If you’ve come into McClintic Library recently, you’ve seen stacks of books sitting around near the magazine area. This is my fault—I’ve been weeding our collection. Weeding is a necessary, and dreaded, job for librarians. Sadly, a library has only so many shelves, and when they get crowded – packed” is more like it – something has to be done.
McClintic’s fiction section was beyond full, and I realized I hadn’t gone through our non-fiction section in a while. So, pulling some non-fiction books and shifting everything would give me more space in my fiction section. But it’s a big job.
How do I decide to pull a book?
The first thing I notice is the condition of the book – loose pages, water damage, serious stains or dirt all plays a part in my decision. If the book is heavily used, I may purchase a new copy. Next, I check how long I’ve had the book on the shelf, and how many times it has circulated. Low usage means there is little interest in the book and that I can make room for something of more interest. In the case of non-fiction, I also make sure the information in the book isn’t outdated; librarians hate misinformation! I’ve recently updated quite a few of our medical and health books. My goal is to have current (within five years) health information because information changes frequently with medicine. With non-fiction, I also consider if perhaps the book is used in-house, but not necessarily checked out. That does happen more than you would realize, and if I think a book falls into this category, I keep it.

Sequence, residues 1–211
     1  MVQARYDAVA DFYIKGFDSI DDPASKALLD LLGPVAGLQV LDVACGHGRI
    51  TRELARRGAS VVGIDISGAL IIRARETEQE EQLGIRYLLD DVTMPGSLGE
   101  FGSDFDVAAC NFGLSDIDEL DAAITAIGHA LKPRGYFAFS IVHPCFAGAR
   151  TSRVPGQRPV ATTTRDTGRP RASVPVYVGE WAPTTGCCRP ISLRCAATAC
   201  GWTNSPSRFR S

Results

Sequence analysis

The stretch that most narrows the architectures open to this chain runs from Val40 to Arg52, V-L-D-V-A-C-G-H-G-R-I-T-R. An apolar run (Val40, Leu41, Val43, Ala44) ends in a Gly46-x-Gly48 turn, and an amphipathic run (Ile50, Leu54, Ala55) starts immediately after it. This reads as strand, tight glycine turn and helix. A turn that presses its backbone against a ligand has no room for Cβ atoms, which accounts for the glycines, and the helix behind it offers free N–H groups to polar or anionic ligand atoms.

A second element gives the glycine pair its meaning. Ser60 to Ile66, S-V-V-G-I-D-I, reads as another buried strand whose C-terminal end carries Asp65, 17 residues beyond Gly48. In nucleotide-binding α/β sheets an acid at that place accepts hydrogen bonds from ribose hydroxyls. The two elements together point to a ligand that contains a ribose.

Fiction is a little easier to weed, as the decision rests on condition and use alone. If a book is part of a series, I try to either keep the whole series, or pull the whole series if no one is reading it any more. Authors go in and out of popularity, and so my collection has to reflect that. Some people are dismayed to see a certain book go – including myself at times – but we need to be a collection of popular titles, not a repository of all fiction. It’s also important to have good copies of the classics, and I will periodically update our older copies with nice, new editions.
Condition is just about the sole criteria for weeding out children’s books. There is always a new reader coming up the ranks, and children’s materials take quite a while to become “unpopular.” That’s my favorite section to weed, because it’s the easiest!
I’ve made room for our expanding fiction collection. Our adult fiction is the highest circulating section of the whole library, and so I feel that justifies making more room for more new books. And while it’s hard to let go of some of these old friends, I hope that someone will come in, see the book in the book sale, and realize they can give it a good home.